reality TV reviews and news

Highly recommended: the new Queer Eye’s premiere, and A Very Fatal Murder

Queer Eye's first subject, Tom Jackson, left, with new Fab Five members Karamo Brown and Bobby Berk. (Photo by Netflix)

Two recommendations this week for some pop culture that drenched me in joy: the premiere of a classic reality series’ reboot, and a podcast that parodies true crime.

Queer Eye’s premiere was impossibly charming

The new Queer Eye debuted this week on Netflix, and while I have watched just one episode so far, I can recommend it fully, and am eager to watch the rest. (Though with just eight episodes, I also want to stretch it out and make it last.)

That first episode, “You Can’t Fix Ugly,” is so delightfully, thoroughly charming.

It’s flawlessly cast, both the subject, affable dump truck driver Tom Jackson, and the new Fab Five, who have instant chemistry with each other and with Tom. They give him and his home quite succesful makeovers, but the show goes deeper than just surface-level changes.

I intend to review it fully after watching the other seven episodes, but that first episode is a must watch. It was the first TV I watched after 24 hours of writhing around with the joys of food poisoning, and it was exactly what I needed.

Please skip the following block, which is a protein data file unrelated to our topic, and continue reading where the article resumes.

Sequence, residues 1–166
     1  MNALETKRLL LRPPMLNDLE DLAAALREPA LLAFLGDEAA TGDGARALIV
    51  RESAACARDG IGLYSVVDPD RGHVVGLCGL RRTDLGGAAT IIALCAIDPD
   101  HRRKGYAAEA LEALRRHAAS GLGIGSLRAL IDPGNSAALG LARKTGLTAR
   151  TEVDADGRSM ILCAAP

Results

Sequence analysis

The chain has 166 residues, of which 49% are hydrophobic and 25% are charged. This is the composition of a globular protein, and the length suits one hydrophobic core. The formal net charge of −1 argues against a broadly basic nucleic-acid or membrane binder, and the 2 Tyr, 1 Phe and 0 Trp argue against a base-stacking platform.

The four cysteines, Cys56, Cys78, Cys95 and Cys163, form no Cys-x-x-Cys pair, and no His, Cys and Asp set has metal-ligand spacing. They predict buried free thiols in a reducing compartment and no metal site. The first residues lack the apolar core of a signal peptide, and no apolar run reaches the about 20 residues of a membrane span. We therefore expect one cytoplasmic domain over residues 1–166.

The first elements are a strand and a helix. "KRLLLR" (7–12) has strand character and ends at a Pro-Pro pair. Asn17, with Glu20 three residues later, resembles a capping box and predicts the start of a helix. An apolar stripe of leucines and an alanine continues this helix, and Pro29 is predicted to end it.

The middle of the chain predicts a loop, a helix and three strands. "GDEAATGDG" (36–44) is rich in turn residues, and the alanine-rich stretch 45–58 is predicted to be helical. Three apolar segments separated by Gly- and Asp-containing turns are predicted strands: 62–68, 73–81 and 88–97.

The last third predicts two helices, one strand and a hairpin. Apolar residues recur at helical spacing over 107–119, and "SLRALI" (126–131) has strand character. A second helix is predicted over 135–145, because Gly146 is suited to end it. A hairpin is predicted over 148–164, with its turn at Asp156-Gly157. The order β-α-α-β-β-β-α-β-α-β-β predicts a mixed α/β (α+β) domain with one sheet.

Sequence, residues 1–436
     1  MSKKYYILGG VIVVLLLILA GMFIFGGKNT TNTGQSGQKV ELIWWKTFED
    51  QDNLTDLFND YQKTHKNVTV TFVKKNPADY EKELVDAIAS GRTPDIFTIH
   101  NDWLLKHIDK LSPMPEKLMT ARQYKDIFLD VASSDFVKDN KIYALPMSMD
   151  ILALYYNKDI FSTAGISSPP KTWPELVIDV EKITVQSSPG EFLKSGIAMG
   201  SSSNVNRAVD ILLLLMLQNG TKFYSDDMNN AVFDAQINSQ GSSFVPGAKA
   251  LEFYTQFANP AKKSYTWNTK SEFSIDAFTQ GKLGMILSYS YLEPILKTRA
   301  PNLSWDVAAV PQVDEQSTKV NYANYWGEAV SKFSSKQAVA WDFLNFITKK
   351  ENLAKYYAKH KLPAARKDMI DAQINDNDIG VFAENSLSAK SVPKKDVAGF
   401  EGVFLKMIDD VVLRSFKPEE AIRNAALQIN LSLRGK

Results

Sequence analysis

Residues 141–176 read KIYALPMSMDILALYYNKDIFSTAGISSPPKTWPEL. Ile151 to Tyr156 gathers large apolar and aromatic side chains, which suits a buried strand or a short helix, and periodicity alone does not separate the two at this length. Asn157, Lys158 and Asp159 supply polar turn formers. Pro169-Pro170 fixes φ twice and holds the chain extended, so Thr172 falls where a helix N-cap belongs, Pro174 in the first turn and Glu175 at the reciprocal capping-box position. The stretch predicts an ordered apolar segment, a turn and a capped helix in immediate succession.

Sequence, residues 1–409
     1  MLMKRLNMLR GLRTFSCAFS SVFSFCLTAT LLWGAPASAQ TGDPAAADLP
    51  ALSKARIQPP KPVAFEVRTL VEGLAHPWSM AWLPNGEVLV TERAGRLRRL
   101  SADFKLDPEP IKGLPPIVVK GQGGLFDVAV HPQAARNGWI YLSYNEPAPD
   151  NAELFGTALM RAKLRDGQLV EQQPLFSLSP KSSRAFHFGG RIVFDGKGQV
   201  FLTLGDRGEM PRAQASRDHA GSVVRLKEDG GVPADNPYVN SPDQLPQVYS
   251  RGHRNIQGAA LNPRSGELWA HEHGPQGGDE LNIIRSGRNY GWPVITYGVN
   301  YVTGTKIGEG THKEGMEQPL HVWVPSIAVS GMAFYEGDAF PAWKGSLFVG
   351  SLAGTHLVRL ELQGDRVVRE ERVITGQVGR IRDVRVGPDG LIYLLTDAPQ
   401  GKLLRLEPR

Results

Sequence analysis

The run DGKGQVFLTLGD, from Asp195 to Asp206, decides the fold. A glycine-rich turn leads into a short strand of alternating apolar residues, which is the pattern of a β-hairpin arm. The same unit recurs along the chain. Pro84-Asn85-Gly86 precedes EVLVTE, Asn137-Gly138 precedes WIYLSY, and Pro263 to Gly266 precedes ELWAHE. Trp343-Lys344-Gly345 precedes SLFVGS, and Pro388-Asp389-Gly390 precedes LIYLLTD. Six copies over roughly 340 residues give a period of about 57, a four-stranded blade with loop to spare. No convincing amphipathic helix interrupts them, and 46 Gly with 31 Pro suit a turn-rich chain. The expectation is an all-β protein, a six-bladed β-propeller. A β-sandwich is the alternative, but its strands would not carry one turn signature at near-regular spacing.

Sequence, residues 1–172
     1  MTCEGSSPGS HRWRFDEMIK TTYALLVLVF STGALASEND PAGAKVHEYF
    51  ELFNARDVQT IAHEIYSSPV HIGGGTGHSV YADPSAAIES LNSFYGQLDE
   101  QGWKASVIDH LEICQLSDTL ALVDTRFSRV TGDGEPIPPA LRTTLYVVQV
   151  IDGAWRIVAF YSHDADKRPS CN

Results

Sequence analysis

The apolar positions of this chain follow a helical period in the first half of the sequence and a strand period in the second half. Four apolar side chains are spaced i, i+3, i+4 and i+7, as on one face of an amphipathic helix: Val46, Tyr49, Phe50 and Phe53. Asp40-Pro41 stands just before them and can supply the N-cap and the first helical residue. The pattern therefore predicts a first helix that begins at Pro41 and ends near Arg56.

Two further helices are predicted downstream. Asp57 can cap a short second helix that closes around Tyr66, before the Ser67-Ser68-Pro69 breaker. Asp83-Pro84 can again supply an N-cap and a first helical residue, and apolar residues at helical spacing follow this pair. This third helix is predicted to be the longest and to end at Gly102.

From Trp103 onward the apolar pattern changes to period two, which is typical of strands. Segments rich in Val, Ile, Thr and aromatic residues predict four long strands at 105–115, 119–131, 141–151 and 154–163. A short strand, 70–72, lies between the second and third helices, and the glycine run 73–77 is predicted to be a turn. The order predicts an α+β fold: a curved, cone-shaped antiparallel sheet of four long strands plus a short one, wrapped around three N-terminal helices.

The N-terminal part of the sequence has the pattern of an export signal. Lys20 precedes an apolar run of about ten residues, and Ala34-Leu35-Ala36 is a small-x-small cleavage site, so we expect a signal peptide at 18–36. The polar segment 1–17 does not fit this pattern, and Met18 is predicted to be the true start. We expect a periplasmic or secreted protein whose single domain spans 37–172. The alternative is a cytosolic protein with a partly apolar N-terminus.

I laughed, I cried, I had a wonderful time for 47 minutes.

A Very Fatal Murder is a very worthy podcast

I laughed my way through all six episodes of the new podcast A Very Fatal Murder this week.

It’s from Onion Public Radio, which of course is not public radio at all, and mocks—gently and not-so-gently—the obsession with true-crime stories. Serial was inspired by reality TV, and its success meant inspiring a deluge of new true-crime podcasts and reality shows. There’s so much of a demand that a cable network rebranded to be just true crime.

Reported and narrated by “David Pascall,” it’s an investigation into the death of a Nebraska 17-year-old, Hayley Price, but since that’s fictional, it’s really an expose of true crime podcasts’ building blocks. And I was genuinely surprised by the conclusion. (My friend Gael Cooper interviewed its creators, though I’d recommend reading it after listening.)

The one thing A Perfect Murder doesn’t parody was true crime podcast bloat; the episodes are super-short, ranging from 8 to 14 minutes. My favorite part may be the advertisements, which acutely target both the products and the way podcast hosts pitch them.

Like the best parodies, though, it stands on its own, having created something new. I’m still humming the theme song.

But it is mostly just hilarious.